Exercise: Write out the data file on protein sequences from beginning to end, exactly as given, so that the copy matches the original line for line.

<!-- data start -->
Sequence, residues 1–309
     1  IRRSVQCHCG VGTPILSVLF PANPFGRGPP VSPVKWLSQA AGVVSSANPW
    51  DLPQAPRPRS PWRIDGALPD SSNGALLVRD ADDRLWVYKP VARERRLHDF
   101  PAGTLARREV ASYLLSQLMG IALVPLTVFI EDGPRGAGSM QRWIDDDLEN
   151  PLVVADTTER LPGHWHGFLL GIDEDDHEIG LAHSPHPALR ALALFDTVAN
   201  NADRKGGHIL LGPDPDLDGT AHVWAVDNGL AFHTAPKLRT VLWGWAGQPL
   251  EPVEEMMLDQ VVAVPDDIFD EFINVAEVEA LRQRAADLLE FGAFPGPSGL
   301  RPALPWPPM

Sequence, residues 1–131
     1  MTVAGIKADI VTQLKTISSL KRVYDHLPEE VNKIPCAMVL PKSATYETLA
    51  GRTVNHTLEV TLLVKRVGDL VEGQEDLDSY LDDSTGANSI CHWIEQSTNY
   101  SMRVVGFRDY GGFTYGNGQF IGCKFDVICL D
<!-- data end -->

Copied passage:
Sequence, residues 1–309
     1  IRRSVQCHCG VGTPILSVLF PANPFGRGPP VSPVKWLSQA AGVVSSANPW
    51  DLPQAPRPRS PWRIDGALPD SSNGALLVRD ADDRLWVYKP VARERRLHDF
   101  PAGTLARREV ASYLLSQLMG IALVPLTVFI EDGPRGAGSM QRWIDDDLEN
   151  PLVVADTTER LPGHWHGFLL GIDEDDHEIG LAHSPHPALR ALALFDTVAN
   201  NADRKGGHIL LGPDPDLDGT AHVWAVDNGL AFHTAPKLRT VLWGWAGQPL
   251  EPVEEMMLDQ VVAVPDDIFD EFINVAEVEA LRQRAADLLE FGAFPGPSGL
   301  RPALPWPPM

Sequence, residues 1–131
     1  MTVAGIKADI VTQLKTISSL KRVYDHLPEE VNKIPCAMVL PKSATYETLA
    51  GRTVNHTLEV TLLVKRVGDL VEGQEDLDSY LDDSTGANSI CHWIEQSTNY
   101  SMRVVGFRDY GGFTYGNGQF IGCKFDVICL D